Rising high school seniors Dylan and Lucy are polar opposites. Dylan is laser-focused on his future career as a professional baseball player. His plan is to play for a minor league team straight out of high school, and he has no time for college, girls, or his family’s opinions on the matter. Lucy, on the other hand, is a free spirit. Since her dad is deployed and her mom is sick, she does take on a lot of responsibility for her little brother and their family business, but she likes to go with the flow rather than plan out every minute detail of her life.
With no sense of direction, Lucy ends up getting her little brother Otis to his first day of baseball camp a little late. This makes quite the negative impression on ultra-rigid, type-A coach Dylan. Lucy can feel his disdain pouring out at her, and she will not stand for his attitude. The two butt heads when they run into each other at the lake that night, but neither can deny the mutual attraction bubbling beneath their interactions.
So, I’m not really sure how to feel about this one. The premise was fine, and I do love a good “opposites attract” story, but there was just something a little off with the writing. I’m going to set aside the plethora of typos in this ARC (I’m used to this with some publishers, but never Entangled, so I’m not sure what was going on there) and focus on the actual development and behavior of these characters instead.
I’m all for more mature characters in young adult novels. I get so frustrated when kids who are supposed to be seventeen or eighteen years old act like they’re twelve, but there’s gotta be a happy medium here. This book reads more like new adult than young adult, so I had a lot of trouble believing that these kids were supposed to be in high school. Somehow, they’re both very experienced and very smooth when it comes to flirting and dating. (Definitely smoother than me, and I’m in my late 20’s!) They go skinny dipping, they make out in diner parking lots, they text each other about “getting horizontal” – they’re not even seniors yet! When I was their age, I panicked over going to a school dance with a boy! Maybe this is how high school is these days. I think I’m getting old.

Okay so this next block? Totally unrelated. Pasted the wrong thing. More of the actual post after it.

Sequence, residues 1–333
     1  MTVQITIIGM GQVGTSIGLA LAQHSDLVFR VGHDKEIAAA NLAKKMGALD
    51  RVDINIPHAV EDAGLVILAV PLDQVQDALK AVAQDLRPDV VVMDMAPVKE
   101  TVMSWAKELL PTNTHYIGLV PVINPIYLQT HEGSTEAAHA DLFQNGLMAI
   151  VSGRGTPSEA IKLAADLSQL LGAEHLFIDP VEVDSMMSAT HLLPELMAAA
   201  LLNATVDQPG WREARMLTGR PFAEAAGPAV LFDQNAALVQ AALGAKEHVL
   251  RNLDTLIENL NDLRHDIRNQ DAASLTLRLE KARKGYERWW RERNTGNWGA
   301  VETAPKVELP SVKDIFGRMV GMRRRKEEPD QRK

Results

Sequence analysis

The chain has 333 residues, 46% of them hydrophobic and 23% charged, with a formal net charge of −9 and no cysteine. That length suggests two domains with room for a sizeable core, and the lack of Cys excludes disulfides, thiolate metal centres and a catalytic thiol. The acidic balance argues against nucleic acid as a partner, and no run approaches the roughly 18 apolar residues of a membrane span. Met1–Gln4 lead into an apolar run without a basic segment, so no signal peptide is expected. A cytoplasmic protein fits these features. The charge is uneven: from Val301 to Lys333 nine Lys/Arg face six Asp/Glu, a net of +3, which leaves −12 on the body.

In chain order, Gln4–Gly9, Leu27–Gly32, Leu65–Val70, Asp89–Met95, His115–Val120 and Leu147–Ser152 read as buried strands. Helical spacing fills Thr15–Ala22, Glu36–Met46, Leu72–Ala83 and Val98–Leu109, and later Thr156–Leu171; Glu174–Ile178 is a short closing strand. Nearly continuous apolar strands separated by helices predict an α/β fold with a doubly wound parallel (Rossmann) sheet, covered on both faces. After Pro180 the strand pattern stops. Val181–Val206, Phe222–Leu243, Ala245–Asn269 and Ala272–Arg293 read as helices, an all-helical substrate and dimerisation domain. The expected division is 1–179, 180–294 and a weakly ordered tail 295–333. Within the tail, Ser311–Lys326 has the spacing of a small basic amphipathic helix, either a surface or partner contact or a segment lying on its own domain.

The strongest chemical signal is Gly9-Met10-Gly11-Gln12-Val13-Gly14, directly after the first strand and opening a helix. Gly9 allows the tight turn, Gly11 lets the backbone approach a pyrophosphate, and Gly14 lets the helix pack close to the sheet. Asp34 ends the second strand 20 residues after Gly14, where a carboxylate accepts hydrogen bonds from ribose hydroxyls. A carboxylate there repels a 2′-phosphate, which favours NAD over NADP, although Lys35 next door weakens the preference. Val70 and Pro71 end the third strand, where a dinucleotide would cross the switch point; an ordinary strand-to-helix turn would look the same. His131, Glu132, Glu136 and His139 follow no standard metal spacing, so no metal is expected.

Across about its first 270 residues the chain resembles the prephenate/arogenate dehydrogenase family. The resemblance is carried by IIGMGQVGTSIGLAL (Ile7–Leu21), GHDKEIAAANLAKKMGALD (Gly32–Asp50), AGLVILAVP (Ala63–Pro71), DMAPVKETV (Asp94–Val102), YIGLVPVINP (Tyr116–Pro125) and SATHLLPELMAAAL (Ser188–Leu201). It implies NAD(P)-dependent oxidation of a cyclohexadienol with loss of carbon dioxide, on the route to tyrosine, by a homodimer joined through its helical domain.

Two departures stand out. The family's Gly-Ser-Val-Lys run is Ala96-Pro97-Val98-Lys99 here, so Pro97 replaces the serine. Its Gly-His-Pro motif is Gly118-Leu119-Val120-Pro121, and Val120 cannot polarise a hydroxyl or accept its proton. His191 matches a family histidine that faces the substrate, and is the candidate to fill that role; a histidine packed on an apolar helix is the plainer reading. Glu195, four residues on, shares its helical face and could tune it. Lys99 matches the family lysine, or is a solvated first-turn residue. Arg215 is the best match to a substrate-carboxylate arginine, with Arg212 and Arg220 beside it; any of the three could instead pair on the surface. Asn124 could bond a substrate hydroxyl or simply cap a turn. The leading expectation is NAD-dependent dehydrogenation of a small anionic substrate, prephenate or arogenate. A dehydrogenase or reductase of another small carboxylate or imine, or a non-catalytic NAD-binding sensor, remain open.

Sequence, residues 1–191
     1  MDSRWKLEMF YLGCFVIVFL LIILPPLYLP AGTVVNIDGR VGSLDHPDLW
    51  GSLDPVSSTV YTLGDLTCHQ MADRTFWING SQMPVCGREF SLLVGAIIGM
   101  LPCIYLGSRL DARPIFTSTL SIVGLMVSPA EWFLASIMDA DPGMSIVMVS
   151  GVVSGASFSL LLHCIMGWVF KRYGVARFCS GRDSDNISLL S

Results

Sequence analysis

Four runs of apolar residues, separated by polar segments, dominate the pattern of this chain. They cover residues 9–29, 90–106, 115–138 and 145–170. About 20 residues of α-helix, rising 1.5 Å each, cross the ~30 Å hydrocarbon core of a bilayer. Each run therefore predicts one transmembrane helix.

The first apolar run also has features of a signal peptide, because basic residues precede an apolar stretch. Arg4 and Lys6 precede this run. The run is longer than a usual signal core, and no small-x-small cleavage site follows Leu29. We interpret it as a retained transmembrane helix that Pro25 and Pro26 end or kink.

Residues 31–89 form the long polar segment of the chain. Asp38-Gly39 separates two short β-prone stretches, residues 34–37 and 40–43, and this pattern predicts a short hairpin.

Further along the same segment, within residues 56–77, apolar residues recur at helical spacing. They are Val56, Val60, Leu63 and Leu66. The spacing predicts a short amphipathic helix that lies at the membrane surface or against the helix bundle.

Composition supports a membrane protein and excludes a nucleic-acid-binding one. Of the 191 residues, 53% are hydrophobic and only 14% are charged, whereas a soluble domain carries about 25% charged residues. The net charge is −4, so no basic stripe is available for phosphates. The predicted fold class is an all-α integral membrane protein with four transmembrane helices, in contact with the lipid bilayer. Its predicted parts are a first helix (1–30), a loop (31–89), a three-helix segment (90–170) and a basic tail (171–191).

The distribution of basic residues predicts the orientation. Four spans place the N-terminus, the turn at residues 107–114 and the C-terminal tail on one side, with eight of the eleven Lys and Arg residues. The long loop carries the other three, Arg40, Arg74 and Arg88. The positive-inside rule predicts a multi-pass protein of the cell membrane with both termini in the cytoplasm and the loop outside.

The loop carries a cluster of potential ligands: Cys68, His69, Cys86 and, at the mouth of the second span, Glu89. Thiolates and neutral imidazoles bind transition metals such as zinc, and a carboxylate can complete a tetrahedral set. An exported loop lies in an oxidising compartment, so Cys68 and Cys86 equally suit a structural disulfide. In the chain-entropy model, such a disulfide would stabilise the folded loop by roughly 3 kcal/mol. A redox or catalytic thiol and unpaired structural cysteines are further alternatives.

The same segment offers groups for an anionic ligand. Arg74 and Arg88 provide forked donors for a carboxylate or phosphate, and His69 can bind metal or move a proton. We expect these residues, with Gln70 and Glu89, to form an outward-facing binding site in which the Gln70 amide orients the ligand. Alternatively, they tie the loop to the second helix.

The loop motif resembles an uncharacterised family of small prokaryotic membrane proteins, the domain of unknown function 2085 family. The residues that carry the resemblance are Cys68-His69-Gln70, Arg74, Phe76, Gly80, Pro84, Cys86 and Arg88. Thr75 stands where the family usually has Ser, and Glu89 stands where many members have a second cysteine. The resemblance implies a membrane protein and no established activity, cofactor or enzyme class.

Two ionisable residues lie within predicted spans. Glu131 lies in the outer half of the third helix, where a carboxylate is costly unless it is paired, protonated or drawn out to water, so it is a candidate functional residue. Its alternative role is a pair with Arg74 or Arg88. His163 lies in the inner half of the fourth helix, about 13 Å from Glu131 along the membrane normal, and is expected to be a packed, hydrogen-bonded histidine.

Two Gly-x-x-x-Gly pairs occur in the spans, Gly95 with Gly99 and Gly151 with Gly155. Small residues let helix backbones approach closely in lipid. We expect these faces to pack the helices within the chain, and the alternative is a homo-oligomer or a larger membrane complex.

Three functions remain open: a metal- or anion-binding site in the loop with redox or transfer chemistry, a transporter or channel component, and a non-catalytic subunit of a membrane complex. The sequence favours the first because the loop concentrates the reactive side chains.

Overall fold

Another sign that I’m old is the fact that I constantly rolled my eyes at Dylan throughout this entire book. I mean, don’t get me wrong. He’s a good kid. He’s smart and he’s driven, but his insistence on going straight to the minor leagues out of high school rubbed me the wrong way. He was rude to anybody who mentioned that maybe he might want to have a backup plan, so everybody just entertained his delusional idea that he was some baseball god that could make a career of playing ball straight out of high school. Okay, you’re the best guy on your high school team and you’re coaching a summer baseball camp for nine-year-olds. So are probably hundreds of other kids across the country. Listen to some rational suggestions about your future, please.
I also thought that the author was a little harsh on Lucy. She’s only seventeen years old, so why does she need to have so much responsibility? She takes care of her sick mom, acts like a surrogate mother to her nine-year-old brother, runs a sewing shop, teaches sewing classes, does commission work, helps out at her best friend’s farm, and teaches a really repressed teenage boy to let loose. She never has a minute to herself in this book, and I felt so bad for her. All I wanted was for her to be able to take a breather without something awful happening.
I didn’t love this book as much as I thought I would, but it was still a quick, enjoyable read. I knew that the author’s name sounded familiar when I requested this title, but it only clicked for me a little bit ago that I’ve had The Bad Boy Bargain on my TBR for ages. One of these days, I’ll head over to Amazon to see where it all began.
Final rating: ★★★☆☆
I received a free advance copy of this book from the publisher in exchange for my honest review.
The Perfectly Imperfect Match releases on July 10, 2017.